Application of measurement of electroplated copper layer thickness on copper wire in drop test
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Application of measurement of electroplated copper layer thickness on copper wire in drop test

Posted Date: 2024-01-26

background

A variety of materials are often used on the external electrodes of electronic components to form a multi-layer composite coating structure through electroplating to meet the overall performance of the product1. The coating thickness of the external electrode of electronic components directly affects the working performance, stability, reliability and lifespan of electronic components2. Therefore, accurate sample preparation and testing of electronic component coatings directly affects the accuracy of reliability research and failure analysis results.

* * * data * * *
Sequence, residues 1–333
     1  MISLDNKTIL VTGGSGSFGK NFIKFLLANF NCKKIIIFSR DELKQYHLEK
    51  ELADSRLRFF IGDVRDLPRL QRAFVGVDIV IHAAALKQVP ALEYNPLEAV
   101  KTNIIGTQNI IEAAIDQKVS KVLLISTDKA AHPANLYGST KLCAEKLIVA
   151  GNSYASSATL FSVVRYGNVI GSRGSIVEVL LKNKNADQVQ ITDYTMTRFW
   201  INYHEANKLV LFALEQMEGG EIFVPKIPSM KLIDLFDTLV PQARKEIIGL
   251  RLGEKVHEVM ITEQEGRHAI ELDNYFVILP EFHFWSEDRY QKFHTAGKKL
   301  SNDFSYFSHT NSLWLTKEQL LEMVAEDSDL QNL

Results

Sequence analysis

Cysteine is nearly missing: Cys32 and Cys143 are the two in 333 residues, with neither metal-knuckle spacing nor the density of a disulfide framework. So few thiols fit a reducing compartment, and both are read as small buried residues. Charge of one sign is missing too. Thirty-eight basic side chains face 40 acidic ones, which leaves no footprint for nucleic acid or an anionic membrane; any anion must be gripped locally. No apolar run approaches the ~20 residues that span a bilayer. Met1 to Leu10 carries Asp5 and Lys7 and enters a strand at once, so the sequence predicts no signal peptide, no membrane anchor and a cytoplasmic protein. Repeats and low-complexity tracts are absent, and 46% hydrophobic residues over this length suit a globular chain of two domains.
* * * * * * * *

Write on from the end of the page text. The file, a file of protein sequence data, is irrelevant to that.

Many electronic components on the market require three coatings of Cu, Ni and Sn to be plated on copper electrodes in sequence (Figure 1).

Figure 1 Schematic diagram of the external electrode structure of a certain product

The picture comes from Sunlord internal

Take reliability research as an example: When studying the drop reliability level of a certain component, it was found that some samples fell off from the welded substrate, and the peeling and breaking points generally occurred in the electroplated Cu layer of the sample (Figure 2).

Figure 2 Related pictures of a product’s drop test. (a) Before falling, it was welded to the substrate; (b) After falling, it fell off the substrate; (c) Slice view of the failure location.The picture comes from Sunlord internal